Nikka Yuko Japanese Garden in Lethbridge

Nikka Yuko Japanese Garden

Established during Canada’s Centennial in 1967, Nikka Yuko was built to recognize contributions made by citizens of Japanese ancestry to the multi-cultural community of Lethbridge, Alberta, and as a symbol of international friendship.

Its name was created from the Japanese words Ni (from Nihon meaning Japan), ka from Kanada or Canada, and Yuko, which translates as "friendship" to mean “Japan-Canada friendship”.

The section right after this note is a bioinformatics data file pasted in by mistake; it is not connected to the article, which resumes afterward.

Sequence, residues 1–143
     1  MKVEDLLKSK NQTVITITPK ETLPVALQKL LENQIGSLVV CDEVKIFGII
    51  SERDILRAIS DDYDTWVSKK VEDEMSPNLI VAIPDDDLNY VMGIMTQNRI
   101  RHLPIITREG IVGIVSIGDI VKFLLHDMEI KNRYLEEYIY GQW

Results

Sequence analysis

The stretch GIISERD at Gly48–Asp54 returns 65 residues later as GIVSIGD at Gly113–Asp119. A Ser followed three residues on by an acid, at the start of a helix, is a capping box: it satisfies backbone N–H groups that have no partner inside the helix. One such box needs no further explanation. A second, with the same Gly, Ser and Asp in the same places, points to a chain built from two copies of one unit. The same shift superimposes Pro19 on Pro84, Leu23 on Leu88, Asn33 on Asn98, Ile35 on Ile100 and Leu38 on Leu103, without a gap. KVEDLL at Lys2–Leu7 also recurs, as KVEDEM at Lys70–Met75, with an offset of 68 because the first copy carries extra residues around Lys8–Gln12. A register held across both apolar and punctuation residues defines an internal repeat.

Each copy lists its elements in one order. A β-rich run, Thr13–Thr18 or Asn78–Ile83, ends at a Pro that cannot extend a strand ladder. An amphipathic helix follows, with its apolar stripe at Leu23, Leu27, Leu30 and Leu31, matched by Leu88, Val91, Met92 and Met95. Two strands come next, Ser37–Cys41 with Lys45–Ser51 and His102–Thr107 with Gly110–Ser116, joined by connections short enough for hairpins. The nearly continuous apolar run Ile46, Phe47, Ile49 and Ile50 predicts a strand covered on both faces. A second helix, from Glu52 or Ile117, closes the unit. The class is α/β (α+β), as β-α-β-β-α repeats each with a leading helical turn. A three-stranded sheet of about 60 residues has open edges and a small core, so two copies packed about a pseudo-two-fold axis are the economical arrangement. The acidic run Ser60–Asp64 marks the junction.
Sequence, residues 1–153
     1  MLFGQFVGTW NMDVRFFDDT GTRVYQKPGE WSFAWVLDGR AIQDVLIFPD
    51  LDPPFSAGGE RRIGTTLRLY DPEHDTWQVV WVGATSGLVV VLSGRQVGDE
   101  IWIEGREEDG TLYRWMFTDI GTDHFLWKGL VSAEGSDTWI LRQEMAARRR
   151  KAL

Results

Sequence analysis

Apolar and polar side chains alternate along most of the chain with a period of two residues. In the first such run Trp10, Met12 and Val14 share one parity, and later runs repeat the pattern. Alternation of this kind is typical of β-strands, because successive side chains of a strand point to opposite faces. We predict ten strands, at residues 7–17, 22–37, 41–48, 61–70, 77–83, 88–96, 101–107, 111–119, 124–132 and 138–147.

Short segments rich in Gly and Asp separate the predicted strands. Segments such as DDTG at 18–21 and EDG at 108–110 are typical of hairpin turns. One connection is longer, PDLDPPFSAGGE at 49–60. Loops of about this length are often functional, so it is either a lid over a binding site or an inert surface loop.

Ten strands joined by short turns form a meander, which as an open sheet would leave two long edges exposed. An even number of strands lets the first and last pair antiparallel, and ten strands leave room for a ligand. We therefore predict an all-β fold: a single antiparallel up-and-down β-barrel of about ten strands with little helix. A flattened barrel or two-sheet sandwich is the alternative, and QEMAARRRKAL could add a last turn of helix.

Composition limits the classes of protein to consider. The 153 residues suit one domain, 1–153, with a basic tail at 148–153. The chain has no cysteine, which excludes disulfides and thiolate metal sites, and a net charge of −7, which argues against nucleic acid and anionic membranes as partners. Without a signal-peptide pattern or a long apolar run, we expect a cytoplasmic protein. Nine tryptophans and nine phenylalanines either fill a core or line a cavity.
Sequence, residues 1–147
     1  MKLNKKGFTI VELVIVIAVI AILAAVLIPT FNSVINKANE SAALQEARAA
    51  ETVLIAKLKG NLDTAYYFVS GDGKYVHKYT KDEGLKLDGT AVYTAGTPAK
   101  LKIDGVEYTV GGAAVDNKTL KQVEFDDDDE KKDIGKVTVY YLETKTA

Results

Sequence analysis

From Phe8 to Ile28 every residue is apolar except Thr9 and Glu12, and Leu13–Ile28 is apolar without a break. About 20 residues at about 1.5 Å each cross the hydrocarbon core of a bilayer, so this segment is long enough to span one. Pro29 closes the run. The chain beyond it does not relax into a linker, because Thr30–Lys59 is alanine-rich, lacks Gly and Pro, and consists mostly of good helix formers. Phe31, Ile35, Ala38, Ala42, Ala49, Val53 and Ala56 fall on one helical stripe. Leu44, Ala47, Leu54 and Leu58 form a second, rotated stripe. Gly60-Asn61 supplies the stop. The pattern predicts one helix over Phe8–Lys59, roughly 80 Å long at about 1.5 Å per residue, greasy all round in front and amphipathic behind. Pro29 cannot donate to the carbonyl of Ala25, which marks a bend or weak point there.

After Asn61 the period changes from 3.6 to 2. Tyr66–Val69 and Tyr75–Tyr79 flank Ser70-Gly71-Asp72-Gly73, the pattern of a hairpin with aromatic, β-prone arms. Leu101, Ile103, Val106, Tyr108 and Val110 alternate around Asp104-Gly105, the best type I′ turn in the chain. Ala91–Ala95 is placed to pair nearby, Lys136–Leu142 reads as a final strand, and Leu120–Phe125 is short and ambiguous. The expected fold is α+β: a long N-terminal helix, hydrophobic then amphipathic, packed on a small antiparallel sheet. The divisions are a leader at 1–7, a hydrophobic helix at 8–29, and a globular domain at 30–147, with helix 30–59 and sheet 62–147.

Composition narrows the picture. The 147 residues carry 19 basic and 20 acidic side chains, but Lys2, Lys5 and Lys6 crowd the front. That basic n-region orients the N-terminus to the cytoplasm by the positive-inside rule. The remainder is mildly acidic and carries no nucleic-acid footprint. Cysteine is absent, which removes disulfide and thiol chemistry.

The idea for Nikka Yuko began with a small group of people: Reverend Yutetsu Kawamura, a Canadian Buddhist priest, his wife Yoneko, and Cleo Mowers, publisher of the Lethbridge Herald. Their vision was to create a Japanese-style garden that reflected the magnificent mountain and prairie scenery of southern Alberta.

In Japanese garden design philosophy, nature is interpreted through abstract and artistic symbolism, which results in a very intriguing landscape.

When Kurt Steiner, the manager of the city tourism organization, heard the idea, he immediately promoted it, and the surrounding community came together to champion a unique event in a small Canadian city.

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